An Inspirational Video About an Illiterate Man Making Wonderful Works of Art

Those with learning disabilities are often made to feel small. Early teachers are often the guardians of children's self-esteem; unfortunately, some lack the patience, compassion, or training to adequately work with learning disabled children. Even though children with learning disabilities may not be able to learn in the same ways as other children, they can most definitely still be "productive members of society," sometimes producing the most beautiful works of art. This is exemplified by this man who can make microscopic works of art; the artist knows neither how to read nor write.

On the word 'up'

[Author unknown; from an anonymous e-mail forward]

Lovers of the English language might enjoy this. It is yet another example of why people learning English have trouble with the language. Learning the nuances of English makes it a difficult language. There is a two-letter word in English that perhaps has more meanings than any other two-letter word, and that word is 'UP.' It is listed in the dictionary as being used as an [adv], [prep], [adj], [n] or [v].

It's easy to understand UP, meaning toward the sky or at the top of the list, but when we awaken in the morning, why do we wake UP? At a meeting, why does a topic come UP? Why do we speak UP, and why are the officers UP for election, and why is it UP to the secretary to write UP a report? We call UP our friends, and we brighten UP a room, polish UP the silver, we warm UP the leftovers and clean UP the kitchen. We lock UP the house, and some guys fix UP the old car. At other times the little word has a real special meaning. People stir UP trouble, line UP for tickets, work UP an appetite, and think UP excuses.

To be dressed is one thing, but to be dressed UP is special. And this UP is confusing: A drain must be opened UP because it is stopped UP.

We open UP a store in the morning, but we close it UP at night. We seem to be pretty mixed UP about UP!

To be knowledgeable about the proper uses of 'UP,' look the word 'UP' in the dictionary. In a desk-sized dictionary, it takes UP almost 1/4 of the page and can add UP to about thirty definitions.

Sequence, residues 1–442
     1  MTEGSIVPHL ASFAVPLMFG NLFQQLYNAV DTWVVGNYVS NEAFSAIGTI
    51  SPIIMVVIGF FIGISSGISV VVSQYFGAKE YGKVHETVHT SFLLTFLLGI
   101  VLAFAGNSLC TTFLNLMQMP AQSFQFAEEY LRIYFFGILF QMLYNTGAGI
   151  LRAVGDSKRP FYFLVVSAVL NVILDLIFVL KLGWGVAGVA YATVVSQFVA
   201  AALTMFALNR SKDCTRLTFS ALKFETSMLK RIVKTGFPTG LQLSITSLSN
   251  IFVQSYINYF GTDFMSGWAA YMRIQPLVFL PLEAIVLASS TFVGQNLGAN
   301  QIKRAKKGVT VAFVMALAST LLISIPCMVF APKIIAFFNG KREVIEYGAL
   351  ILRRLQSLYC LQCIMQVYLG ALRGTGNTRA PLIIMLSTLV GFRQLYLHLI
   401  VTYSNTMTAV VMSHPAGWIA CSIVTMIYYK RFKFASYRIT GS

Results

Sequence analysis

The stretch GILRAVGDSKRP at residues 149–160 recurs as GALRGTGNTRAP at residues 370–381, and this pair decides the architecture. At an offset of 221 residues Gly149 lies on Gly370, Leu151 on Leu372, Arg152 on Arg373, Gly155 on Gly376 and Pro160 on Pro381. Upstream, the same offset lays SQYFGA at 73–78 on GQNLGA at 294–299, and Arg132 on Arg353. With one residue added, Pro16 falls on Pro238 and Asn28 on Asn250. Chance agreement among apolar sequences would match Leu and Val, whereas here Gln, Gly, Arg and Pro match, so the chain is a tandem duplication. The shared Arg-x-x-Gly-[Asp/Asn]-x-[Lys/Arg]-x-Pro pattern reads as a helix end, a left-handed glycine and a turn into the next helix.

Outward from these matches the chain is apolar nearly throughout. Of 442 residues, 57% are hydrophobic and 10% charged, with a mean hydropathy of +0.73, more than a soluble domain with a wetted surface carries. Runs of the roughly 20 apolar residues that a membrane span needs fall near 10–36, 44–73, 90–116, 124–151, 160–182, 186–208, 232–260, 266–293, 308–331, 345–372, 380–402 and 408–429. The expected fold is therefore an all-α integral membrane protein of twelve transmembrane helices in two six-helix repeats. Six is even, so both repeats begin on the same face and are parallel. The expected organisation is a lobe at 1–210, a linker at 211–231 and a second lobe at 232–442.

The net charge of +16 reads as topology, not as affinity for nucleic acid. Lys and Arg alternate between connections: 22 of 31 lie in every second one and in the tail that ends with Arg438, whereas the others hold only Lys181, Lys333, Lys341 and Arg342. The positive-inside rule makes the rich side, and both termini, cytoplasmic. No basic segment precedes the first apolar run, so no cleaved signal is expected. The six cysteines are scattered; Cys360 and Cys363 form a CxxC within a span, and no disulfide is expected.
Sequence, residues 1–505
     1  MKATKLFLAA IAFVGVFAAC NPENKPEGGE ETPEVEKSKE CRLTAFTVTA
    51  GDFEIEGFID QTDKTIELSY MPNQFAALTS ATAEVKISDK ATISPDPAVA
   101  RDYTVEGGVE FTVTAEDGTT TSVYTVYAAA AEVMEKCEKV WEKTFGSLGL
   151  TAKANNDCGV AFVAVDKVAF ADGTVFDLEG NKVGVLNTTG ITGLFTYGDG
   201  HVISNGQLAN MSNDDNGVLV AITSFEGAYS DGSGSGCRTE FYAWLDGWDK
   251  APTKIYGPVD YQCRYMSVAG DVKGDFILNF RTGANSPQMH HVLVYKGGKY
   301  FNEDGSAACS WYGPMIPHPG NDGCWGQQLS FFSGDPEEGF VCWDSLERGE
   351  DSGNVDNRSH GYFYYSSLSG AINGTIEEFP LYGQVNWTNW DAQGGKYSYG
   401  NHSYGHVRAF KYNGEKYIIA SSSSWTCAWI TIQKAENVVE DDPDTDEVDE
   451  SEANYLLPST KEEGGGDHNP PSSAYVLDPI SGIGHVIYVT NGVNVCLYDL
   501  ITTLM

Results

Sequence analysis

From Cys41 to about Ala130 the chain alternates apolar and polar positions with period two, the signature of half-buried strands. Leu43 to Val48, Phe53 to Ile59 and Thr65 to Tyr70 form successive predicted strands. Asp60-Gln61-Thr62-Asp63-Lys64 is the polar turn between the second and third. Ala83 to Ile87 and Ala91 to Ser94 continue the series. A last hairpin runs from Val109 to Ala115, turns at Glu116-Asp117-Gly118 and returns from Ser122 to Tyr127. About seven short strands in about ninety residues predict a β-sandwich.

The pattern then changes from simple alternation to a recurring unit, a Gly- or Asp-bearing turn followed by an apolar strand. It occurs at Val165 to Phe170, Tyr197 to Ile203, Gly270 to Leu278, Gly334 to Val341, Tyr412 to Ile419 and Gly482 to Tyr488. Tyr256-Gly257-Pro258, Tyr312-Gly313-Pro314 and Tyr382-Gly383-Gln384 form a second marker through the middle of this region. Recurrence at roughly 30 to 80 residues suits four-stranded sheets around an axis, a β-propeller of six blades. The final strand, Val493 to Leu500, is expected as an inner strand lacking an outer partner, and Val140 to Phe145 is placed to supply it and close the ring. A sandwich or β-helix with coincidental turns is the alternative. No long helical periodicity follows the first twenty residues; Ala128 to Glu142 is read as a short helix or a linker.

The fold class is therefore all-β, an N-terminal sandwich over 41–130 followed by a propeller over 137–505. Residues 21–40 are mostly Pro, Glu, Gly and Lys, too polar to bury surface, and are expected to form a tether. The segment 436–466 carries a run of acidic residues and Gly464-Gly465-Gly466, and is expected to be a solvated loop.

If you are UP to it, you might try building UP a list of the many ways 'UP' is used. It will take UP a lot of your time, but if you don't give UP, you may wind UP with a hundred or more.

When it threatens to rain, we say it is clouding UP. When the sun comes out we say it is clearing UP. When it rains, it wets UP the earth. When it does not rain for awhile, things dry UP. One could go on & on, but I'll wrap it UP. For now my time is UP, so time to shut UP!

Oh...one more thing: What is the first thing you do in the morning & the last thing you do at night? U. P.

Don't screw up. Send this on to everyone you look up in your address book.

Now I'll shut up.

Using Humor for Comprehension: Funny Headlines

AVKO believes very strongly in using supplemental and humorous materials to improve on and even verify reading comprehension. Using funny materials like cartoons, comics, joke books, puns, etc. are great exercises because the students won't resist them as much, but you can also instantly gauge whether or not it was understood by their reactions (groans, furrowed brow, snort, chortle). This is much easier on the teacher and the student as opposed to doing boring comprehension questions after a text. And, if the questions are multiple choice, there's a good chance that they could get the answer correctly without truly understanding the text, or even the question.

Here are some funny headlines that can be used as such exercises [author unknown; from an e-mail forward]:
  • Something Went Wrong in Jet Crash, Expert Says
  • Police Begin Campaign to Run Down Jaywalkers
  • Panda Mating Fails; Veterinarian Takes Over
  • Miners Refuse to Work after Death
  • Juvenile Court to Try Shooting Defendant
  • War Dims Hope for Peace
  • If Strike Isn't Settled Quickly, It May Last Awhile
  • Cold Wave Linked to Temperatures
  • Enfield (London) Couple Slain; Police Suspect Homicide
  • Red Tape Holds Up New Bridges
  • Man Struck By Lightning: Faces Battery Charge
  • New Study of Obesity Looks for Larger Test Group
  • Astronaut Takes Blame for Gas in Spacecraft
  • Kids Make Nutritious Snacks
  • Local High School Dropouts Cut in Half
  • Hospitals are Sued by 7 Foot Doctors
  • Typhoon Rips Through Cemetery; Hundreds Dead
Also check out Jay Leno's Headlines for more great headlines and AVKO's Readings for Comprehension.

What Curriculum Developers Don't Want You to Know About Spelling

The area of spelling is perhaps the least understood by publishers and curriculum developers.  Perhaps the reason lies in the fact that the last real study of spelling was conducted in 1953 by Harry Greene’s Project Spelling at The University of Iowa. It’s name?  The New Iowa Spelling Scale.  Note the word NEW!  However, even though it is over 50 years old it remains the only existing valid measuring instrument for student spelling.  Why?  Because it contains over 5,500 of the most basic words which were given to over 230,000 students.